When I wrote in October about the drugs endowment by a community leader for the treatment of malnourished children in Zamfara State, the intention was to show how we started advocating for improved nutrition funding through traditional institutions that have realised the significance of nutrition intervention for children in their communities.
We publicised the drugs donation in the local media, quoting community leaders stressing the need for government investment to the sector.
This happened concurrently with the efforts of our advocacy group, which held series of meetings with the policy-makers to increase funding for nutrition in the 2013 budget.
The most important step towards ensuring sustainable investment in nutrition from the state government is to create a specific budget allocation for it. We advocated for it and have just secured the commitment of the state government to allocate the sum of 20 million naira for nutrition in 2013.
Amending the inflexible
The state’s budget seems to be like a template. It tries to fit tightly to its five-year macro budget (2010-2015), making it difficult to respond to the necessary changes, which require creating a new expenditure.
We got round these issues by employing the following strategies:
- Securing buy-in from all key persons involved in nutrition, primary healthcare, budget and planning, inside and outside the Ministry of Health.
- Supporting community leaders to present evidence of malnutrition challenges in their communities and the need for government intervention.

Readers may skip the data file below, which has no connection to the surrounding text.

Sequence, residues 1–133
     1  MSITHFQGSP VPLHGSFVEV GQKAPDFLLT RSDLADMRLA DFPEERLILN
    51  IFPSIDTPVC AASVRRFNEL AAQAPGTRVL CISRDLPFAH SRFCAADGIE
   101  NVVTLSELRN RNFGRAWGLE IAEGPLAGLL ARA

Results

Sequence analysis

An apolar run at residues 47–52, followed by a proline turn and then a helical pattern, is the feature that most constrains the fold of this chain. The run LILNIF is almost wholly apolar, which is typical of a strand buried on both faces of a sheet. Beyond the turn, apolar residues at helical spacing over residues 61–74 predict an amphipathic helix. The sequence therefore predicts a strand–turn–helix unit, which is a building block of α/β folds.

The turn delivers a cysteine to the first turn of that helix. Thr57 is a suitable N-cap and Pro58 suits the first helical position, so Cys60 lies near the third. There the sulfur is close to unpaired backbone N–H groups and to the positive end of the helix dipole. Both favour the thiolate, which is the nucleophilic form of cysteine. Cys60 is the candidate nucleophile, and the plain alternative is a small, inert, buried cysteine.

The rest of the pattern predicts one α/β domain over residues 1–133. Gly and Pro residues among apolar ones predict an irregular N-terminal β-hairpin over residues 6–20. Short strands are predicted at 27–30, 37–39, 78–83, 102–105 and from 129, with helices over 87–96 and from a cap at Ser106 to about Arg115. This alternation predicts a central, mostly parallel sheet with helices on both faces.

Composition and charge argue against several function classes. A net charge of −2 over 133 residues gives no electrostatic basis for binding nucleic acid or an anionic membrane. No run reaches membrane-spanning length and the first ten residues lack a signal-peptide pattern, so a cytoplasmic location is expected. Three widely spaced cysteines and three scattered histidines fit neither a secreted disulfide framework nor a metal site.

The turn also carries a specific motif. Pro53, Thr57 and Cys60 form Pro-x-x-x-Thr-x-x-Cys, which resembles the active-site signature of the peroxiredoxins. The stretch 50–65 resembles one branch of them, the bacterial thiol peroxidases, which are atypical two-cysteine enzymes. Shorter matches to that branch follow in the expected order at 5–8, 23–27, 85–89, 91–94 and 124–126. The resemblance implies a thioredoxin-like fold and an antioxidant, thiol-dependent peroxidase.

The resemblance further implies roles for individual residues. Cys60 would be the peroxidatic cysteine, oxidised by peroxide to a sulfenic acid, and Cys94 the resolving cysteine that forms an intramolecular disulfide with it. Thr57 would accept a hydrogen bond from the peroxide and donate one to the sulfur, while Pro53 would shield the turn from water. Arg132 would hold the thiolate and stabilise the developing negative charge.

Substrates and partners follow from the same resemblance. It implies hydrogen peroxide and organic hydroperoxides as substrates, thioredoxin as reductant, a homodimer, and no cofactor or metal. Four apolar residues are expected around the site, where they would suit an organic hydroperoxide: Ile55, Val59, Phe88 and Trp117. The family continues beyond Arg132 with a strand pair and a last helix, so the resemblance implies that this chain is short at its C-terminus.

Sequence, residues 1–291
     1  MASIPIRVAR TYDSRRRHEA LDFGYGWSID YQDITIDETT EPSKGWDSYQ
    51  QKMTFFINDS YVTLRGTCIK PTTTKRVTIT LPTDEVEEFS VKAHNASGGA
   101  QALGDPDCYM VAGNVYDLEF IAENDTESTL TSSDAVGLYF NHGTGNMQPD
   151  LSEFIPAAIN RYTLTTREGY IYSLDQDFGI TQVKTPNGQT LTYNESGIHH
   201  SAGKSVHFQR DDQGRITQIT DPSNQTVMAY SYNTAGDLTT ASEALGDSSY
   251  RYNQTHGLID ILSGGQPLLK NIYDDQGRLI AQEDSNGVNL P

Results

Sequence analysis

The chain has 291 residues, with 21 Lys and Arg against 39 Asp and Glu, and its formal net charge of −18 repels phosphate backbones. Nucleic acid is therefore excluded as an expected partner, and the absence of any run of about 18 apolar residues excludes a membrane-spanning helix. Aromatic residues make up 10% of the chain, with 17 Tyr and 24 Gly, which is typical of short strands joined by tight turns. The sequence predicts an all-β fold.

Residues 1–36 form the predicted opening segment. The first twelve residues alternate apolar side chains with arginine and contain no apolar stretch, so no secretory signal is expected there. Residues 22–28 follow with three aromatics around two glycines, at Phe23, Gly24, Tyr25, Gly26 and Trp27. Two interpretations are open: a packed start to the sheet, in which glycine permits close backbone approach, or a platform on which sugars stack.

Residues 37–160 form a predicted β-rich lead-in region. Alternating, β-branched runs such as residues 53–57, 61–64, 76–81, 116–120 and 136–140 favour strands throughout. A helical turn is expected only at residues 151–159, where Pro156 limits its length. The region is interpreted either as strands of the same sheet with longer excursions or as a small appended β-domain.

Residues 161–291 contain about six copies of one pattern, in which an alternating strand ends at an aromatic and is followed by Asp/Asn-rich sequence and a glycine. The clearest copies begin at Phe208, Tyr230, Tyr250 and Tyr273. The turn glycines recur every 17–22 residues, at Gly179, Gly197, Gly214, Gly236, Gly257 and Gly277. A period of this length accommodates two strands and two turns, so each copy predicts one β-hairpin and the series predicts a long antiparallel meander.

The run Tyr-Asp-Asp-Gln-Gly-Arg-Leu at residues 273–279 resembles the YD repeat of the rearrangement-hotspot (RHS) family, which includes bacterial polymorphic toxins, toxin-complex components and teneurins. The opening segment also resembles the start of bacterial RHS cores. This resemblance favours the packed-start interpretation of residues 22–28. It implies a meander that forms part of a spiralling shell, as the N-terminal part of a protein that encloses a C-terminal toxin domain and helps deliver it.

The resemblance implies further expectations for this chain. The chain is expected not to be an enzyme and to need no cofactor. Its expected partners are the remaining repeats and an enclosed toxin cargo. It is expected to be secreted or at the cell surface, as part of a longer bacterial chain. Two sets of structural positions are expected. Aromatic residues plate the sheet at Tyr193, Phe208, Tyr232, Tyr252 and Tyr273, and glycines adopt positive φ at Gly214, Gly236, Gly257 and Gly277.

- Collaboration with the projects supporting nutrition intervention in the state.
- Communicating the huge resources committed to nutrition by donors in the state and the impact made so far.
How was nutrition funded before?
An analysis of the state’s health budget has shown that nutrition is invisible in the health budget. It’s always lumped with other Maternal, Newborn and Child Health (MNCH) issues whose allocation is scanty.
In the 2012 budget for instance, the overall budget for MNCH activities stands at 85 million naira (US$531,000).
One of the activities included in the bump would automatically engulf 75 million naira, leaving nutrition, and everything else, with just 10 million naira (US$62,500).
A new challenge
One of the emerging challenges for the advocacy team in the state is the issue of timely release and full implementation of nutrition funds.
Despite the state’s acceptance to create the budget line as we demanded, the allocation earmarked for the year 2013 is still scanty, just 20 million naira (US$125, 000). A good start indeed!
Making the funds accessible for nutrition activities could be another difficulty. Nutrition still isn’t a department on its own, it’s under the Primary Health Care unit. Conflicting interests within the department may lead to diversion of some parts of the nutrition funds to another area not hitherto in the budget.
Experience has shown that a many approved expenditures in the previous budgets are not actualised.
This poses a fresh challenge to us as we begin to think whether the budget line can guarantee us sustainable increase in government investment to nutrition or not.